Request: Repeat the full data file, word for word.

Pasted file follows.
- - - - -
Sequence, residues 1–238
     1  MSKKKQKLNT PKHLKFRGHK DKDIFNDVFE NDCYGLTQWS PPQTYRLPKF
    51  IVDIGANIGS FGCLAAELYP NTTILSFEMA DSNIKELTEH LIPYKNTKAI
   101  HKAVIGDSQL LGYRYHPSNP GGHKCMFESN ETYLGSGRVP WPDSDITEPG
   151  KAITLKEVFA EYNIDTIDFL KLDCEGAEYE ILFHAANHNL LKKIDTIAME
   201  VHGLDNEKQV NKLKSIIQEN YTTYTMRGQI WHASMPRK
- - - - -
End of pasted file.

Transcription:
Sequence, residues 1–238
     1  MSKKKQKLNT PKHLKFRGHK DKDIFNDVFE NDCYGLTQWS PPQTYRLPKF
    51  IVDIGANIGS FGCLAAELYP NTTILSFEMA DSNIKELTEH LIPYKNTKAI
   101  HKAVIGDSQL LGYRYHPSNP GGHKCMFESN ETYLGSGRVP WPDSDITEPG
   151  KAITLKEVFA EYNIDTIDFL KLDCEGAEYE ILFHAANHNL LKKIDTIAME
   201  VHGLDNEKQV NKLKSIIQEN YTTYTMRGQI WHASMPRK